Tree Warden report 15.3.22
During February and March we have had two major areas of activity: the Recreation Ground and Hall Farm Road Sports Ground.
The team completed the gap plugging project in the road hedge along the road edge This involved using hazel canes coppiced from trees in coppice close to weave the attractive fencing. We have planted hedging saplings on both sides of this fencing.
On one occasion we were joined by students from Suffolk Rural College, (ex Otley college) with their lecturers. These were students with learning difficulties who had planted and germinated crab apples and acorns and other seedlings and watched them grow over the last couple of years. We had a good turnout of the Tree Crew who joined lecturers in encouraging students to plant some of their trees within our planting areas – also, two crab apple trees were planted, either side of the commemorative cherry tree. On the same day I planted about a dozen hazel on the raised mound of topsoil. Subsequently two oaks have been planted in front of the picnic benches, and 6 oak and a willow cutting in the open spaces in woodland opposite the entrance.
I intend to plant 6 more hazel in the shaded spinney area next to the picnic benches before end of season.
My guestimate for numbers planted in the ground is 240.
Hoping to complete this planting season with around a dozen oak to plant in the clearer space areas in the woods – using coir matting to compact the overwhelming presence of bracken
Around the pond – we were asked to consider some planting for shading to inhibit the invasive pond weed species. I had planned a layered approach: willow, closest to the pond edge, with a line of dogwood behind, and an outer planting of downy birch. The dogwood has been planted (the middle layer). Mother nature, in the recent storm anticipated the willow intention by gently laying down an elderly willow parallel to the line of dogwood – in due course, if we leave her be, this fallen tree will be a source of multiple withies reaching for the sky and providing the shade we need. In due course, I will take some cuttings from other fallen trees and plant them at the pond edge – just to give the shading project a quick start. A couple of downy birch have now been planted behind the row of dogwood.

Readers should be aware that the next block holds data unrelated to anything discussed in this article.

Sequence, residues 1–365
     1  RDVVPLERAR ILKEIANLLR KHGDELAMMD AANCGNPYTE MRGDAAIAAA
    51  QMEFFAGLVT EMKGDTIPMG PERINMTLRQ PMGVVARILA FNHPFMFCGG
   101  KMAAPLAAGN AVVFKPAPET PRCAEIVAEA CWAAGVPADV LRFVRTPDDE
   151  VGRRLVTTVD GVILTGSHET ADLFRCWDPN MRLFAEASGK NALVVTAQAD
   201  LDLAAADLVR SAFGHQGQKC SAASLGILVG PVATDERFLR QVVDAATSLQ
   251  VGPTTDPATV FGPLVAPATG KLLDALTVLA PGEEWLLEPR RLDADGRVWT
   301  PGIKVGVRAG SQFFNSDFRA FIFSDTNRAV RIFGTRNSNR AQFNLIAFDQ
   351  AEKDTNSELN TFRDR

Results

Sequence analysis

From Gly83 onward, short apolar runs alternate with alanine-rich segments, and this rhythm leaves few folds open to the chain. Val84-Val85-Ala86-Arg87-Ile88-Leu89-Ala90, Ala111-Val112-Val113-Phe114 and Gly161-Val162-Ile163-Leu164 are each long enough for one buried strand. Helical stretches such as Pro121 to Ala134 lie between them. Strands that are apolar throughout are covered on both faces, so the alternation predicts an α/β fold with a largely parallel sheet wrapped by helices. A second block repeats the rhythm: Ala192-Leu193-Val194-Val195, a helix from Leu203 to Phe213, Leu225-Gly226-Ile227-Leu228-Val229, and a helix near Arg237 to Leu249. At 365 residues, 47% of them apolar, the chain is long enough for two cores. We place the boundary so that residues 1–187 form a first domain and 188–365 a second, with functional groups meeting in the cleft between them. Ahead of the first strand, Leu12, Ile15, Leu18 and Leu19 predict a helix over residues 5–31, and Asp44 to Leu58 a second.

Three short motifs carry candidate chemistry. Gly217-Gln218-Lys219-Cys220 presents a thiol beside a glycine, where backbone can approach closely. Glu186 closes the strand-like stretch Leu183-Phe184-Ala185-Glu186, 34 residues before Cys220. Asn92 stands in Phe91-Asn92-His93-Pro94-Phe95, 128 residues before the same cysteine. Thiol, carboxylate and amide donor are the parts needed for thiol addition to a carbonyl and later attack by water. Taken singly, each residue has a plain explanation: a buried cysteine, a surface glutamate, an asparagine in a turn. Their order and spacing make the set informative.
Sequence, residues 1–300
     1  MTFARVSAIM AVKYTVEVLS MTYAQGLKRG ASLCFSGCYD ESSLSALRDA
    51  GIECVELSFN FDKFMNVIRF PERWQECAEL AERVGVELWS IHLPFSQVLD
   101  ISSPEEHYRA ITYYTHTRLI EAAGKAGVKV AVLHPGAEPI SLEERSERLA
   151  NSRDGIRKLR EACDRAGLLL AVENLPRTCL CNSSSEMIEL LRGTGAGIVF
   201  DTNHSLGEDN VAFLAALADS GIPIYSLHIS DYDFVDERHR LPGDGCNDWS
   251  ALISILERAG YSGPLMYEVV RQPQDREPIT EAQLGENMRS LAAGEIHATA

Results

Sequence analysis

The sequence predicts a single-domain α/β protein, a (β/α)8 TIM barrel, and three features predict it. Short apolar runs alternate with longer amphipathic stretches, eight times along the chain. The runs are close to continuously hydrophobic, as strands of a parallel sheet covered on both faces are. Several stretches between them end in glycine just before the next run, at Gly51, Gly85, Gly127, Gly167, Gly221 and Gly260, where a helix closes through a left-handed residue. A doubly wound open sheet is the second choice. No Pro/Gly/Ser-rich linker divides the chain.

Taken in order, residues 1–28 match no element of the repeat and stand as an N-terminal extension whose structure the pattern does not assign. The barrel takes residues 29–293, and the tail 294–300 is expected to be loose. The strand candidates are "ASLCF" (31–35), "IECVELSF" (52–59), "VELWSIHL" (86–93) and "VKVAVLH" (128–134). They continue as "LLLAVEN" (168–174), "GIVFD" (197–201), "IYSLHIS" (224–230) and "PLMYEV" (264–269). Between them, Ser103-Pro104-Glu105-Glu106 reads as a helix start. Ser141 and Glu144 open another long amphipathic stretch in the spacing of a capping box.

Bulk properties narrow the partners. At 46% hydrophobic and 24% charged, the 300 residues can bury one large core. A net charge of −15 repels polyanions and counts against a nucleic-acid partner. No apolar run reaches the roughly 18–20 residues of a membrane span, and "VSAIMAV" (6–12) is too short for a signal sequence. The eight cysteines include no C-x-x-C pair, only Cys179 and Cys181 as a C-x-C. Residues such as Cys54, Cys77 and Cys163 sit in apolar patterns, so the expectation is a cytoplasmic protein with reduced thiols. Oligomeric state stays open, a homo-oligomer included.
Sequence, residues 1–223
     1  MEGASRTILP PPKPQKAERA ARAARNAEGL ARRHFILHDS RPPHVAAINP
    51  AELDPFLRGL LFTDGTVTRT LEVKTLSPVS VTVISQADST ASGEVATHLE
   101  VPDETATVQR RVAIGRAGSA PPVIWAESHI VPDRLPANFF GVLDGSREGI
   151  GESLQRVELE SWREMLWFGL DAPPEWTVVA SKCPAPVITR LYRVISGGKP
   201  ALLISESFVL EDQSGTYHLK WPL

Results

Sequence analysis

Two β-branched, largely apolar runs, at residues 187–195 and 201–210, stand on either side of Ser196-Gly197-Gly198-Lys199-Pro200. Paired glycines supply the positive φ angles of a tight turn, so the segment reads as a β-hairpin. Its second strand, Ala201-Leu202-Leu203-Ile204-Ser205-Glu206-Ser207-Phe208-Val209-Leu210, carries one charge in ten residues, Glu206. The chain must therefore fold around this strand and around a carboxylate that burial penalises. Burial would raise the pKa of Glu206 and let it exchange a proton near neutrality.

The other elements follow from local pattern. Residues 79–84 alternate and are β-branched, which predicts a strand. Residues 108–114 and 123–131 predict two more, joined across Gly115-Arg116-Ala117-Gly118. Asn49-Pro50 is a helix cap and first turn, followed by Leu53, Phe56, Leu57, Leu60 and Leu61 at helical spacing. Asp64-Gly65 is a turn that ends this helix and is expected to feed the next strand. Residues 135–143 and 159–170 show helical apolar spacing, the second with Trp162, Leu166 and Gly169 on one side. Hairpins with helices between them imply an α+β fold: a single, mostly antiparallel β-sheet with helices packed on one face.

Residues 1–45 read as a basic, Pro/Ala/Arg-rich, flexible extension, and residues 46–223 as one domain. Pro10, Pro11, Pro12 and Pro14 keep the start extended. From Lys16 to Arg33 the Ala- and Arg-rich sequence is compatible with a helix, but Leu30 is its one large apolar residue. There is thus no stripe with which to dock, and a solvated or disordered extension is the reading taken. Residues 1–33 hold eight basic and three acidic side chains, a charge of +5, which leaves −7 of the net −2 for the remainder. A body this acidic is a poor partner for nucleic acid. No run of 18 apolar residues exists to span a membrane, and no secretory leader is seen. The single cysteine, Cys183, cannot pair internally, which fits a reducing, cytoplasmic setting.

Hall Farm Sports Ground
We have had three bursts of work here: mostly to green-screen the surrounding wood panel fencing – the first being the fencing erected by Phil to close off the run through gap into the community farm area. In the next two visits I was joined by local resident, Cllr Harvey-Smith. Extending the fence screening we also planted 10 crab apples behind the fruit trees planted by the Transition Group.
At our last visit, progress was halted on account of running out of canes. It has occurred to me, whilst waiting for my efforts to source canes to bear fruit, that we can plant alongside the edge of the dead hedge without necessity for canes, as long as the maintenance people are mad aware of the presence of the hedglings and limit their mowing to a foot away from the hedge. And, I think the plan is for encouragement of wildflower / wilding in that area – in which case the hedglings will take their chances alongside re-naturing and will this be protected. This work remains to be completed – we’re low on hedging stock, but Woodbridge has just received a fresh consignment that I can make use of for our purposes here in Melton.
We have so far planted 179 saplings at Hall Farm Road Sports Ground – this figure has been doubly and independently verified by Cllr Harvey-Smith’s twins!
On a bare square patch of grass, I’ve supplemented a line of specimen trees planted by the former Tree Warden with a partial L shaped hedge – double row: hawthorn on the outside and wild rose on the inside – ending off with a wild cherry at the end. At the bottom of the square, opposite the road edge there is a broken line (leaving wall space for potential goalmouth) comprising hazel and field maple – with a crab apple at the end. I met with neighbouring residents who indicated willingness to keep an eye on these during drought periods. Number guess: 70
Two wild cherry within the copse opposite the entrance to Fernhill close; a couple of wild cherry and a whitebeam (sneaked) onto the edges of pre-existing decorative beds at the bottom of Fernhill Close. And, in the rectangular patch adjacent to the footpath down into the woods from Fernhill Close around 35 – quite a number of hazel – some in spirals, some anonymously planted as a potential fence panel covering.
Sad, and necessary to see the cedar go, the long trunk / bench and circular cut seats have been arranged in a seating circle. The newly planted pine has a local resident as its Tree-Friender to water it in drier months.
We will be well over 600 trees planted Feb/March
It has been a pleasure – and sometimes a burdensome responsibility. And getting them in the ground is step1! Perhaps we might mention ‘citizen action’ in the newsletter – a request for people to be aware of newly planted saplings and to share water from their drinking bottles during long periods of rain-lessness?